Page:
Tribal system may be standing in the way of UAE's progress

Comment: Without proper regulatory oversight, incapable recruits will continue to place companies at risk
Job creation: The UAE Ministry of Human Resources and Emiratisation is laying out an ambitious plan for the private sector.
By Taryam Al Subaihi
Sun 14 May 2017 08:46 AM

For many years, this part of the world has survived on a tribal system in which individuals have been awarded jobs and responsibilities by family members who were confident that one of their own would ensure the preservation of their family’s reputation.

Throughout the UAE’s history, Emiratis have vouched for family members to perform tasks for the greater good of the community. In the past, tribal pride has obligated those who have been assigned duties by their kin to accomplish any task put before them — and to do so to the very best of their abilities.

But with the UAE continuing to move rapidly to achieve sustainable progress in society and industry, nepotism is a potentially destructive obstacle.

The Oxford English Dictionary defines nepotism as “the practice among those with power or influence of favouring relatives or friends, especially by giving them jobs.” In previous generations this description did not apply to the people of the UAE as tribal recommendations have historically helped Emiratis as families were judged as a group in their responsibilities.

Yet as the country has grown, cases of incapable family members, friends or acquaintances being selected for positions of responsibility, Emirati or expatriate, are threatening to slow the country’s progress.

This is not to say that all cases of nepotism have been damaging. But nepotism does pose a serious threat. Without proper regulatory oversight, incapable recruits will continue to place companies, be they governmental or private sector, at risk.

Nepotism exists not only in this region but in every country around the world. Many who come to the UAE import this practice and in some companies, senior executives are granted plenty of latitude in their recruitment practices.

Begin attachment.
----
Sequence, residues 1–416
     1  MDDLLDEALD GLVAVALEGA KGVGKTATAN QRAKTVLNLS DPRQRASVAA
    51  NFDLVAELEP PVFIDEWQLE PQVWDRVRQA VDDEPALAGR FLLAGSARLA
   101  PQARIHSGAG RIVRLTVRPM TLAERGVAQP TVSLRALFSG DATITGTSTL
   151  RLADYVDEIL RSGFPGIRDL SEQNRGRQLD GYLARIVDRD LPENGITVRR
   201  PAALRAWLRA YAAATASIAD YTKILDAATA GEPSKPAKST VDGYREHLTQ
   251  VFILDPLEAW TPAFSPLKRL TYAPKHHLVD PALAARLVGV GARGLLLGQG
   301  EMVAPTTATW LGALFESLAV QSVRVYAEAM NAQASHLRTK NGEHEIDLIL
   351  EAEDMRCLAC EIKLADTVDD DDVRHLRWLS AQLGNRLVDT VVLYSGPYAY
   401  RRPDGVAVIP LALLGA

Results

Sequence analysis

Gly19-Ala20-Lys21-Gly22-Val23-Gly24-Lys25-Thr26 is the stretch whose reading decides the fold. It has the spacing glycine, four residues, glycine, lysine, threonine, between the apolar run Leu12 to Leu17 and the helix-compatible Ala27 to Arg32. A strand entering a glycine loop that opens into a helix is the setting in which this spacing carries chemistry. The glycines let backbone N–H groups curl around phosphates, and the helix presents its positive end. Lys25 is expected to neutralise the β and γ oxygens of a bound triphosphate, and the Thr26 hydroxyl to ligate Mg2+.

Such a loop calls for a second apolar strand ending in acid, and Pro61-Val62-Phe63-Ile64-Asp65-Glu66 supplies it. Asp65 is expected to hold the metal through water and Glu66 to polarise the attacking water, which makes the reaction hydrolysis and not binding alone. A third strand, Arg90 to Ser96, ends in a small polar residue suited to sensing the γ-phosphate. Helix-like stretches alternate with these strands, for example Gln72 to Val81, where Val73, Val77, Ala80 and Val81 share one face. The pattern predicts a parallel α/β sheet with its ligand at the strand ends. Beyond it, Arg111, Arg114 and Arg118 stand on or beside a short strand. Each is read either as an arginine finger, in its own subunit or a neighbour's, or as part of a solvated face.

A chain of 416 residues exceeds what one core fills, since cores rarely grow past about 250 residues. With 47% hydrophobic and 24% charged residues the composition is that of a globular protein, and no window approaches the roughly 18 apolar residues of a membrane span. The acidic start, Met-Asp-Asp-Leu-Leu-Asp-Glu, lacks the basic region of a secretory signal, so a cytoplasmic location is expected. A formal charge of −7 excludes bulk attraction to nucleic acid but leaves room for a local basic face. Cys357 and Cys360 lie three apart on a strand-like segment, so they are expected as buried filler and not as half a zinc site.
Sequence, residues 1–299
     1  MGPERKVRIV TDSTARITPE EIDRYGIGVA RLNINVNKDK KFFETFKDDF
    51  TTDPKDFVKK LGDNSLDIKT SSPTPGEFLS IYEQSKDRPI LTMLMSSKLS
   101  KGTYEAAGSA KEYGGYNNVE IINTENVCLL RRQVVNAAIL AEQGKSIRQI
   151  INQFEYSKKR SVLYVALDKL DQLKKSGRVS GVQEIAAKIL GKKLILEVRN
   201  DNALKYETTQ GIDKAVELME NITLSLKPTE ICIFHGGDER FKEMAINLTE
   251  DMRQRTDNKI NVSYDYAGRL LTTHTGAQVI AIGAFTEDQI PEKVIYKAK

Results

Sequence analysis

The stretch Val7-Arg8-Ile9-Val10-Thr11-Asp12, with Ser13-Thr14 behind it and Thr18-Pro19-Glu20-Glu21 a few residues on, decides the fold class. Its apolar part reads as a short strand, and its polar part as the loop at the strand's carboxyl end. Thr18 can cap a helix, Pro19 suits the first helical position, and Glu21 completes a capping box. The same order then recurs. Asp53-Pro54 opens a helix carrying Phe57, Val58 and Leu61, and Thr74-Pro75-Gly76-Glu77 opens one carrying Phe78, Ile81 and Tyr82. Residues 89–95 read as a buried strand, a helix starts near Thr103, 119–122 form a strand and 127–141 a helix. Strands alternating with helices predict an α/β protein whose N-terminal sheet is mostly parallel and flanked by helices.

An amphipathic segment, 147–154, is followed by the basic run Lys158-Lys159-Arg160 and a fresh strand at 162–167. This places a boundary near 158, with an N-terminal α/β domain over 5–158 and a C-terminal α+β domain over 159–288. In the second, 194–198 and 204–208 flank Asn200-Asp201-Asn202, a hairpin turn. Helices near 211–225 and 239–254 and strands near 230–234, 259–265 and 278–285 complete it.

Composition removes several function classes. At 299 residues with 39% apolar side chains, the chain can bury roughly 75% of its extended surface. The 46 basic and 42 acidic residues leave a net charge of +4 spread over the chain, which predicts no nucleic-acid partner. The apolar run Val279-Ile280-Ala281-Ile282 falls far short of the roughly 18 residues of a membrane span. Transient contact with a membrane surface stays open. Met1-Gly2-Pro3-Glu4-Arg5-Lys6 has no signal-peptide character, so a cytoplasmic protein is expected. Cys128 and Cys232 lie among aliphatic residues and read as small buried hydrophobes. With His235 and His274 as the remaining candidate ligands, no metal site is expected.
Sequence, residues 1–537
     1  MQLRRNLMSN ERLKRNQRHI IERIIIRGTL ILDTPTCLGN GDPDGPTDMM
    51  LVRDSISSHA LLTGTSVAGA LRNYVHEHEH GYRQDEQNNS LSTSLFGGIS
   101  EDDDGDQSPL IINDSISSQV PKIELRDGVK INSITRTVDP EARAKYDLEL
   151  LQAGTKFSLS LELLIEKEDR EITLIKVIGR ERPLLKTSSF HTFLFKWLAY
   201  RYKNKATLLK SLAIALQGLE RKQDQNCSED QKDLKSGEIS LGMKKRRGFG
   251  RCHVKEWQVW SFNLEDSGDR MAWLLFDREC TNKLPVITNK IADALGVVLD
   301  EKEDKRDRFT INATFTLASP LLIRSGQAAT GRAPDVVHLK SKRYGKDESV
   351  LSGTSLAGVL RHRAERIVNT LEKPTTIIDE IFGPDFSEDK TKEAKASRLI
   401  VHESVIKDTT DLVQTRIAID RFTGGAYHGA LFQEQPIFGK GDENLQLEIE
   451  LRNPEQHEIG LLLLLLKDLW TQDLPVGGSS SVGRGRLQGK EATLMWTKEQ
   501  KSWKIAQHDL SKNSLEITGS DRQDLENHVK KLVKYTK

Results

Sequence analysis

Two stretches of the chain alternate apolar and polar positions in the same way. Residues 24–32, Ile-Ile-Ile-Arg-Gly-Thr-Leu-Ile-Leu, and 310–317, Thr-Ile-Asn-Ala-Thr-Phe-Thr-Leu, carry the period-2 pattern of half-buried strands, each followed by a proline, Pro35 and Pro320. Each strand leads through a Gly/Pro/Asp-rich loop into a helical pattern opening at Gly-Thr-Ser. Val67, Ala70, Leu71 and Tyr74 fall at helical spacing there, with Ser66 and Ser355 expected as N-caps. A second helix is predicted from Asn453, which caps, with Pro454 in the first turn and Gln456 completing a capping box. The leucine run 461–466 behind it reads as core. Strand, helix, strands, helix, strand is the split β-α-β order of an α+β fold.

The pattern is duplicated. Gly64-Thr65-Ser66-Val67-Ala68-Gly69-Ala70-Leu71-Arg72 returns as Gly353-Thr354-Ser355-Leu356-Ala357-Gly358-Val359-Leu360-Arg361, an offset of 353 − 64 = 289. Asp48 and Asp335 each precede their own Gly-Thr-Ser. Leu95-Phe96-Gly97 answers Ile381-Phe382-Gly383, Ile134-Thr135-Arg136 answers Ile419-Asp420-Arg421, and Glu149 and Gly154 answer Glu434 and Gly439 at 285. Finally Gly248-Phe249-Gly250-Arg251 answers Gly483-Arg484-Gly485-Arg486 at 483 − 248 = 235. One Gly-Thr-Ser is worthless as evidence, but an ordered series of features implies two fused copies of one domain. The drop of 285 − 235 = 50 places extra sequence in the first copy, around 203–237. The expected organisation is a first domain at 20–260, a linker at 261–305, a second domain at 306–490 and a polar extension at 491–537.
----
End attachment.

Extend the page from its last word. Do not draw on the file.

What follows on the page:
Another problem, particularly in the private sector, is the unchallenged and open practice of nepotism due to lack of proper oversight, creating ‘mafias’ of particular nationalities who have seem to have no fear of hiring their own countrymen and close relations, many times with little or no capability, to handle their new roles and responsibilities. Admittedly, perhaps the situation has improved over the years, but it is still very much alive.

In addition, due to the lack of Emiratis in the private sector, UAE nationals are being shoved up the corporate ladder with their rapid advancement encouraged and supported by expatriate senior executives.

There are many reasons for this: some are promoted to encourage Emiratisation, others to please the executive management of that particular organisation, who may be committed to the empowerment of their UAE national staff, others because expatriate managers fear for their own jobs if they are not recognised for their efforts in supporting Emiratisation.

Emiratis undoubtedly should always be trained and encouraged to move up to leadership positions but only when they are truly ready to do so. If preparation and training are provided, the risk is that a few poorly performing prominent staff members can tarnish or even demolish the reputations of many hardworking and less senior employees.

After receiving some of the best education the world has to offer, Emiratis have proven beyond doubt that they are capable of standing shoulder to shoulder with the very best of their expatriate colleagues.

Indeed, in many cases, they exceed the ability of their colleagues, due to their unique understanding of the country and region which is an invaluable quality; a lesson that cannot be taught or learnt.

However, there are still those incapable few who have managed to reach senior positions through nepotism or the insecurity of those who manage them. It is these people who risk destroying everything Emiratis in the private sector have been striving to achieve as invaluable assets to their respective employers.

The lack of commitment and incompetence of these employees leads many to believe that working for an Emirati organisation is undesirable. This is, of course, stereotyping of the most general and toxic kind, but such perceptions have become difficult to knock down. This would not matter were it not for the fact that we are at a critical time in the country’s progress, when we need only the most capable leaders in place to ensure our businesses grow in the most responsible manner.

The UAE government has proved time and again that the most qualified, experienced Emiratis of substance are continuing to lead the country to greatness. It is only through the guidance of our leadership that the UAE is now one of best countries in the world to live in. But we risk slowing our progress by the continued practice of nepotism and the “red carpet” advancement of some staff members.

The only way forward is to remove those weeds who are hiding in the shadows, clinging on to their roles and threatening to blemish this beautiful garden of development that we call the UAE.

Taryam Al Subaihi, Global Head of External Communications at TAQA.

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